Dee Valley and Portsmouth top developer services league table

Dee Valley Water and Portsmouth Water have jointly topped the latest water industry league table, having both achieved a perfect score.


According to company performance data on meeting developer services targets, published by Water UK on Thursday, both companies met 100 per cent of their water services targets between July and September.

The aim of the standards, which were voluntarily agreed to by the industry in December last year, is to allow developers to compare the performance of the water and sewerage companies over a range of services including handling enquiries, providing quotations, connections, and the adoption of developer laid assets.

For the second time running Affinity Water was the worst performer with a score of 66 per cent.

However, the company also showed the biggest improvement since quarter 1 (April to June), following a recovery plan launched in May to increase resources to its customer contact, administration and construction teams.

All water firms improved or remained the same compared with Q1, except Bournemouth Water who’s score slipped by 2 percentage points from 99 per cent to 97 per cent.

Meanwhile on the sewerage side, both Welsh Water and Yorkshire Water improved since Q1 to achieve perfect scores. The worst performer was Wessex Water, whose score slipped six percentage points to 90 per cent in Q2.

All other firms improved or remained the same compared with Q1, except Northumbrian Water whose score fell by 1 per cent.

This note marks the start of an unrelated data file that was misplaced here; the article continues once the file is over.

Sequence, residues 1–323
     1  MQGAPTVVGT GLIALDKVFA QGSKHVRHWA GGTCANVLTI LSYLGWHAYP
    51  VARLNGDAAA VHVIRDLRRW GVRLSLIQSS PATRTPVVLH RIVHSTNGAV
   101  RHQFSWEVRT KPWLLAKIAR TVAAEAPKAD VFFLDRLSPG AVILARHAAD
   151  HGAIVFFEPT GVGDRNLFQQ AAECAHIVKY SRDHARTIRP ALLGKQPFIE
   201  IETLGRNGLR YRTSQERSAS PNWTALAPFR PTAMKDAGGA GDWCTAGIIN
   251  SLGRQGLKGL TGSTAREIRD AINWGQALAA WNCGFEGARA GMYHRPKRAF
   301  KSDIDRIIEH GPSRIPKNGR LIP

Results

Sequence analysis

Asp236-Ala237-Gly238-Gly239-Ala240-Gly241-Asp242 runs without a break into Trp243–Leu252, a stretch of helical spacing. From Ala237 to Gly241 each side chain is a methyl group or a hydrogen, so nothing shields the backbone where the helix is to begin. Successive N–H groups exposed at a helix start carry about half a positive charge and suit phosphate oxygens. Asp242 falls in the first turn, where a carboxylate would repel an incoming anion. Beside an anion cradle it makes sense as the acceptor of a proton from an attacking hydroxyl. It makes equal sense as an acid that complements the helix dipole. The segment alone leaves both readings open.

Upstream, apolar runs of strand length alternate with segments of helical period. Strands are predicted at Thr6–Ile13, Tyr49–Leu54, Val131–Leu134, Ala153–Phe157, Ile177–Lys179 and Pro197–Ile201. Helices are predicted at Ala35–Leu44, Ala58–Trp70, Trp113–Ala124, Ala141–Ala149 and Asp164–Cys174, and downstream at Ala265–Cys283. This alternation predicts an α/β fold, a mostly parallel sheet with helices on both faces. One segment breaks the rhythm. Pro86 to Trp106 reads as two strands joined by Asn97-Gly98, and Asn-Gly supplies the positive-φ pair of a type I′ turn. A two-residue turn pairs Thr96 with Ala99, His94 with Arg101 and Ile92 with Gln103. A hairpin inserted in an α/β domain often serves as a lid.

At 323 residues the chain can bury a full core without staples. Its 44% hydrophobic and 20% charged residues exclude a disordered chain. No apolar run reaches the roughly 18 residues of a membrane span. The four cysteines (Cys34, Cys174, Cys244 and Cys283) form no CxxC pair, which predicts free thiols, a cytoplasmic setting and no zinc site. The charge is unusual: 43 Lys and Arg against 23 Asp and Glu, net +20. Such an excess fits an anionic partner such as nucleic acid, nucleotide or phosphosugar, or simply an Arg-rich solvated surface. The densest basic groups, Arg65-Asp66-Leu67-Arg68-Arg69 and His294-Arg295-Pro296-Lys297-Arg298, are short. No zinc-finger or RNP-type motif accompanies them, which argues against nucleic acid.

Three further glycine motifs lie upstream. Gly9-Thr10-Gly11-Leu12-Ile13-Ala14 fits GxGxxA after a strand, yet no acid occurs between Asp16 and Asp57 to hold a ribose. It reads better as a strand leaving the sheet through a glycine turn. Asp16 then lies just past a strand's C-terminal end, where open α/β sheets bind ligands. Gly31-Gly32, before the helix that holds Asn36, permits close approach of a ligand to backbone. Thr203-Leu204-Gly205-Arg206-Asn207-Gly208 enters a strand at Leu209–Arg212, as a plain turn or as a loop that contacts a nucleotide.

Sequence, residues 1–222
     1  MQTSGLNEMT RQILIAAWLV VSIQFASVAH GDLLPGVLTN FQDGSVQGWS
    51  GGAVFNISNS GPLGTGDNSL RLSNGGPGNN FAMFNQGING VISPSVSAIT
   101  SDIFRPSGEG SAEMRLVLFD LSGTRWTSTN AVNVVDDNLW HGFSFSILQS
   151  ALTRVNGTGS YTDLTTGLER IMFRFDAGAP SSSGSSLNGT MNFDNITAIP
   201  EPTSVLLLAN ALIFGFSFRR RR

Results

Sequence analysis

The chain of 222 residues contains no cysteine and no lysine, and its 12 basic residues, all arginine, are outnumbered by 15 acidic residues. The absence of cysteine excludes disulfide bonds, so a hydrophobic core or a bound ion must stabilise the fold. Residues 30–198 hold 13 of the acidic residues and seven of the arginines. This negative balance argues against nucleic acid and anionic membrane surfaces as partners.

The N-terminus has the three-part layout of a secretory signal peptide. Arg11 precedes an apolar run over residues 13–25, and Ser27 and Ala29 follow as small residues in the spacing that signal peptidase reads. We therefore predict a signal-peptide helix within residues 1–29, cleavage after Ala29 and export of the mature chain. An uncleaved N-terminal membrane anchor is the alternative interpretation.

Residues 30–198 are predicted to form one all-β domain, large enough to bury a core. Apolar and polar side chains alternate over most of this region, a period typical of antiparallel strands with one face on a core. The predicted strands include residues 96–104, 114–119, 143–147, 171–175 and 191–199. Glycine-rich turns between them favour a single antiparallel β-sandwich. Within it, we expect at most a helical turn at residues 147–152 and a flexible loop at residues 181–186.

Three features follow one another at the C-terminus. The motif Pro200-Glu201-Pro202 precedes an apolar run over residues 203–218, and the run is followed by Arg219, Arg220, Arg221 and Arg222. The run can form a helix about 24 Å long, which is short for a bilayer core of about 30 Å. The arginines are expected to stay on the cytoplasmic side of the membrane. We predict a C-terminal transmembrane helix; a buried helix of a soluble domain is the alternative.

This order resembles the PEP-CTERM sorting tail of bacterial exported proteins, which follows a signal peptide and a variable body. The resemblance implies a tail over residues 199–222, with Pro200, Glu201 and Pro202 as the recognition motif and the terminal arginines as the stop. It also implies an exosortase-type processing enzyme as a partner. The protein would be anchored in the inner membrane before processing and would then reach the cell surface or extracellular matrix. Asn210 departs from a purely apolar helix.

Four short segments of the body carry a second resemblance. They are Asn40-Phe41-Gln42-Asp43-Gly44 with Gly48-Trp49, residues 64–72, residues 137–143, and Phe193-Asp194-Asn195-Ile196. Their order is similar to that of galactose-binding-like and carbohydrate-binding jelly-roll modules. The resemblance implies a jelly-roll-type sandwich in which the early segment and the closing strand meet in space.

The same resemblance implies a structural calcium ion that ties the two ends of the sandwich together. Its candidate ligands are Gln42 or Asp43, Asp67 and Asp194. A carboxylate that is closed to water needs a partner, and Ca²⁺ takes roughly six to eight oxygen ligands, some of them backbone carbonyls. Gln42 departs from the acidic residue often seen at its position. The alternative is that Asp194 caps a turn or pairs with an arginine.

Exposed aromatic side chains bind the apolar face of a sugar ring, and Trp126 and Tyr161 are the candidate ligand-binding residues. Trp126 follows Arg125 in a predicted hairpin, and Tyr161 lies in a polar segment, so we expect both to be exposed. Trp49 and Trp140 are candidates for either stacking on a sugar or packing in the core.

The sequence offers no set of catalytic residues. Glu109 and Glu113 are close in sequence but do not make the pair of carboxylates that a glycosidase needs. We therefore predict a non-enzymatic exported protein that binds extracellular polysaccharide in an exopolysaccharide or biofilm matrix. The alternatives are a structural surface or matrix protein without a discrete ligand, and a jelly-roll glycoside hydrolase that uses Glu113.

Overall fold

Overall the average rating for meeting the developer targets for water services was 93 per cent, an improvement on 89 per cent in Q1. For sewerage services the average score increased from 94 per cent in Q1 to 97 per cent in Q2.

Chairman of Water UK’s Developer Services Standards Group, Richard Warneford, said: “While the measurement and publication of these figures is still relatively new, an early trend is emerging with evidence that reporting is already driving improvements in performance.

“Over the past quarter there have been some inevitable increases and decreases in some of the 24 measures but we will use these results to engage with our key stakeholders to ensure the measures remain appropriate and properly reflect the levels of service expected of water companies.”

-This article first appeared on Utility Week.

LED street lighting roll-out ‘to save city £77m over 20 years

Councillors have approved plans to upgrade street lights across Edinburgh saving the city an estimated £77m over the next 20 years.

Members of the transport and environment committee agreed proposals to convert 54,000 street lights to energy-efficient LED (Light Emitting Diodes) on Tuesday.

The move follows a project to replace 7000 obsolete lanterns with LED lights last year, aiming to reduce the cost of energy consumption for the city’s street lights, which was in the region of £2.97m per year.

With energy rates expected to double within the next ten years, the use of LEDs will allow the council to reduce electricity usage while mitigating the expected rise in carbon costs.

Transport and environment convener, councillor Lesley Hinds, said: “The city-wide roll-out of LED lights is a huge step towards an efficient, sustainable future for Edinburgh. Not only will it reduce carbon emissions but will have a real impact on energy costs in the long term.

“Our aim is to draw on experience gained from the first phase of white lights which has allowed us to gauge demands on lamp brightness and control for residents and traffic.”